Everyone who sometimes changes their timezone has probably had this problem before.
You're planning a trip to a 9 hour distant timezone. Let's say it is a business trip. To be more productive you schedule some meetings in advance and put them in your calendar. Whichever calendar will do, they all have this problem.
Then you hop on a plane. Land. Dutifully tell your computer what timezone you are in. Maybe it magically figures this out on its own.
The meeting you so carefully planned for tomorrow at 2pm is now marked in your calendar as tomorrow morning at 5am.
Crap. It only took you ten pingpong emails to arrange this. Sure, 5am is probably not when you scheduled it, but what was the time again? Searching through emails for "meeting at 2pm" won't help much either.
You simply can't remember when you scheduled the meeting. You schedule too many every week to keep track in your head. You wouldn't even need a calendar if this wasn't the case anyway!
It might not even have moved to 5am but something reasonable. Now you'll unknowingly show up at the wrong time and blow that fucking awesome deal.
Your calendar is correct though ... in a way.
The meetings are still exactly when you scheduled them. They are still attached to the exact perfect absolute time you planned them for. But this isn't what you meant is it? You wanted the meeting to be at "2pm whenever 2pm is for me on the day this meeting is happening".
To date I have yet to find a single application on a computer that would understand the idea that I _don't care about timezones_. Yes, timezones are a useful concept. To me personally they are meaningless 90% of the time. When I say I expect something to happen on a particular time ... I expect it to fucking happen then! Not at some absolute nebulous concept of time that holds no meaning for me.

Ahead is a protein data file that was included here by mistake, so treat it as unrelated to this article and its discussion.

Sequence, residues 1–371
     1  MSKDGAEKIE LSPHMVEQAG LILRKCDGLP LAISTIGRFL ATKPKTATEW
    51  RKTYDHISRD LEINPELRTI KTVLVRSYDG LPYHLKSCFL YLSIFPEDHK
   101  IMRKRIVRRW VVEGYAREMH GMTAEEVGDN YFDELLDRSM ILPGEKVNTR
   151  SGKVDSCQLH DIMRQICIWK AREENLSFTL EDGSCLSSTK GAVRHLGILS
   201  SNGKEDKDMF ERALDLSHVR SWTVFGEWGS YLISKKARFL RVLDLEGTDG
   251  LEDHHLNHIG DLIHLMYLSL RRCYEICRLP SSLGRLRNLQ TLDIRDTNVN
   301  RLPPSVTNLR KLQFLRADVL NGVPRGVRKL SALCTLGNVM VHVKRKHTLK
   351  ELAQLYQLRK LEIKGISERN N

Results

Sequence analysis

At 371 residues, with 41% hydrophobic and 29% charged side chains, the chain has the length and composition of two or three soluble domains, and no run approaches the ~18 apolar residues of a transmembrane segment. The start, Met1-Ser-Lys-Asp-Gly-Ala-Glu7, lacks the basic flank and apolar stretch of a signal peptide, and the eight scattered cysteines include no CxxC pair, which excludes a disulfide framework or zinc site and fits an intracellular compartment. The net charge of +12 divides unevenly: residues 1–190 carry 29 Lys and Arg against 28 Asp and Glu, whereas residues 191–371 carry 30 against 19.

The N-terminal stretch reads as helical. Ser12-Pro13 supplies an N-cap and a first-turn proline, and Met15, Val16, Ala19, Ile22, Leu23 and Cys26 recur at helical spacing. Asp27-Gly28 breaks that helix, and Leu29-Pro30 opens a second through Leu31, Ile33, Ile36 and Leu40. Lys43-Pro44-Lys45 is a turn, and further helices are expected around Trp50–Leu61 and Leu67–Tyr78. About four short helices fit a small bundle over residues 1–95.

It is understandable that programmers the world over would get this wrong. Before I did any traveling I found timezones to be perfectly reasonable the way everyone implements them.
You translate everything to UTC time when it is stored in the database, then offset it back to the appropriate timezone for whichever user is looking at it. It's something the View cares about. Core logic doesn't need to know or care. It's only a matter of display.
This is an unsolvable problem. Logically.
The concept of time as an absolute, with timezones as mere offsets the display cares about, makes perfect sense. And in many cases is the only correct answer! Think of timestamps on tweets, or forum posts, of course I want those to display relative to me - as an absolute time.
But when scheduling stuff it seems my (our?) instinctive understanding of time is a bit different. Suddenly I no longer care about absolute time and making certain everyone in the world sees the correct time. I only care that when I fly to a different timezone, _the event stays in its fucking place!_
It seems we have reached an impass.
How are computers supposed to handle timezones well, when their users (the arbiters of truth and properness) have such different conceptions of time in different contexts?
But even some messages, the only place it seems where absolute time is of any use, lose a great deal of information when the time is translated into "my" timezone. There will often be "good morning" tweets when I'm just about to go to bed. Things like that would make a lot more sense if the time on a tweet at least made any mention of when, relative to the poster, it was made.
So maybe we need to start implementing our software so it displays both absolute time and the originator's local time? And in the case of schedulable events only care about relative time?
The latter especially has big connotations for displaying the same event to people in different timezones. For this I don't have a good solution right now ... very open to suggestions by the way.
Or maybe I'm just imagining this problem and people simply aren't switching timezones often enough to make solving this problem worthwhile.
I write articles with real insight into the career and skills of a modern software engineer. "Raw and honest from the heart!" as one reader described them. Fueled by lessons learned over 20 years of building production code for side-projects, small businesses, and hyper growth startups. Both successful and not.
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